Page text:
SUNY Cortland’s Memorial Library has made great strides in recent years with its College Archives.
A committee involved with the progress to date and with charting the future of these collections will present a sandwich seminar on Wednesday, March 13.
Students and faculty engaged in academic research, historians, local history buffs and the public are encouraged to attend the event, titled “Preserving History and Creating Access in the College Archives.”
Jeremy Pekarek, College archivist and instructional services librarian, as well as Jennifer Kronenbitter, director of libraries, and committee members will give the presentation.
The event, from 12:30 to 1:30 p.m. in Brockway Hall Jacobus Lounge, is free and open to the public.
The College Archives Steering Committee, which worked with Memorial Library, will share information about the physical College Archives, which is located on the third floor in Memorial Library. The College Archives project collects or tracks the majority of materials relating to institutional history of SUNY Cortland. The panel also will present an overview and answer questions about the history of the archives, its purpose, the College’s physical and digital collections, instruction, research, hiring an archivist and preserving SUNY Cortland’s institutional history.
The fast-growing collection already contains hundreds of electronic images including literally thousands of digitized sports photos from the dawn of Cortland athletics, accessible to being viewed or downloaded.
“Among our top digitized collections include our student newspapers and all of the campus yearbooks,” Pekarek said, referring to some of the more popular archives of interest to the campus community and visiting alumni.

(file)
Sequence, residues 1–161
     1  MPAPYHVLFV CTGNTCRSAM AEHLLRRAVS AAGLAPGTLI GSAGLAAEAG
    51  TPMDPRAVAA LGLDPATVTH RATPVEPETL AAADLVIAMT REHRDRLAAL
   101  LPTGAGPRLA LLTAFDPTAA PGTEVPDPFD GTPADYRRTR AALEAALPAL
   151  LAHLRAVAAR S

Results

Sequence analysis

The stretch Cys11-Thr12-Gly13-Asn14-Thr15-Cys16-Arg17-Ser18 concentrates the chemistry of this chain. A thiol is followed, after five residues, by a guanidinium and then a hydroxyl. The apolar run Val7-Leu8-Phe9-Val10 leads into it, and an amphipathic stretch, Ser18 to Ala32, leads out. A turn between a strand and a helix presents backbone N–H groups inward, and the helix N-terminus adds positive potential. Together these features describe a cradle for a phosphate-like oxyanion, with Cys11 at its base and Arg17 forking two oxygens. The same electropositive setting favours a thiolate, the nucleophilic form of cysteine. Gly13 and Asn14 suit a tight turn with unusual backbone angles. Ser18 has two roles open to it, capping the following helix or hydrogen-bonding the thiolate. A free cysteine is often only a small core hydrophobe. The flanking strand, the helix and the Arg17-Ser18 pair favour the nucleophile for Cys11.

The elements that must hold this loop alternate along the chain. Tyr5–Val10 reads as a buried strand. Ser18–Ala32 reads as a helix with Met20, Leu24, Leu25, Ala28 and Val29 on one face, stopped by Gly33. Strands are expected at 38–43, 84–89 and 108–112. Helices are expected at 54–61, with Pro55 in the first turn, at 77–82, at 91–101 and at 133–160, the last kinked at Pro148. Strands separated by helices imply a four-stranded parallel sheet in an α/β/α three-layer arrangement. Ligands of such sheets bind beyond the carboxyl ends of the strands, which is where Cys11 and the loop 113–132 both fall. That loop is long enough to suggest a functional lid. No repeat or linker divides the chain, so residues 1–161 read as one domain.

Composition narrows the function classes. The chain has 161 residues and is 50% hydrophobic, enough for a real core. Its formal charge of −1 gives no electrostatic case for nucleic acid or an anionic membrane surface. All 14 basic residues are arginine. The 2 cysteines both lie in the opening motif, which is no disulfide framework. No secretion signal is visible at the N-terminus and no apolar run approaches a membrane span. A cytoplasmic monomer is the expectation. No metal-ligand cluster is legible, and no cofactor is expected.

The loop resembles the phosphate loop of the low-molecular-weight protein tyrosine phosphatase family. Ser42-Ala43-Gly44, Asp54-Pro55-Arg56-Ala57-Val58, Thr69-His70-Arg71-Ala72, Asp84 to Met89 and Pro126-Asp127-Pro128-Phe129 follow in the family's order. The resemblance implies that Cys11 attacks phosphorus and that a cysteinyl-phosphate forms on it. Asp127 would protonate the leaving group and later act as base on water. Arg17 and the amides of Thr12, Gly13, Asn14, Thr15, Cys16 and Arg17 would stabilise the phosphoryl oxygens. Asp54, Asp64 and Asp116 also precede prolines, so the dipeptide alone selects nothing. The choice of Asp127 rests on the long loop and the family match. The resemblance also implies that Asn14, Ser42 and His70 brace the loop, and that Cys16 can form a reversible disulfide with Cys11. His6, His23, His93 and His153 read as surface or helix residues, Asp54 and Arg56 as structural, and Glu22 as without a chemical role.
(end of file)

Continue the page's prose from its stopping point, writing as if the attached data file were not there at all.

“In conjunction with this year’sSUNY Cortland Sesquicentennial celebration, we have also scanned in materials on previous college anniversaries,” he said. “Additionally the library has strived to collaborate with various faculty to create class projects in the College Archives.”
The College Archives were used to assist with mounting exhibits on campus, including the School of Education’s recent sesquicentennial photo exhibit of the Cortland Normal School’s earliest history and imagery.
One College Archives Committee member, Evan Faulkenberry, assistant professor of history, has used the College Archives more than two years for his Introduction to Public History class.
In the past year, Pekarek was hired as a fulltime archivist and instructional services librarian and a campus-wide Archives Steering Committee began meeting to guide the process, make suggestions and identify and catalog additional records and pictures.
Part of the seminar will be used to explain the library’s fairly new digital archive, named after a commons as a place where people can meet and share information and culture.
SUNY Cortland’s new Digital Commons@Cortland, launched during its sesquicentennial year, puts the College’s institutional history from 150 years ago right up to the present day in reach of anyone on the Internet.
There’s original documents and pictures that bring back to life campus student club and honorary society happenings, sports milestones and Greek life activities as well as key figures, buildings and events of College history.
“The library has created new ways to digitize our collections using Digital Commons@Cortland,” Kronenbitter said.
More than a year later, the Digital Commons project continues to grow as more records are being uploaded.
Memorial Library has paid for most projects to improve the archives, including ones relating to the sesquicentennial. Recently, the library was awarded a South Central Regional Library Council Technology and Digitization Grant for $4,583 to have an outside company scan the majority of a cache of student newspapers into the College Archives, the Co-No Pressfrom 1925 to 1942 and the Dragon Chronicle from 2013 to 2017.
“Come learn more about the College Archives to understand our commitment to creating access as well as preserving precious historical materials relating to SUNY Cortland,” Kronenbitter said.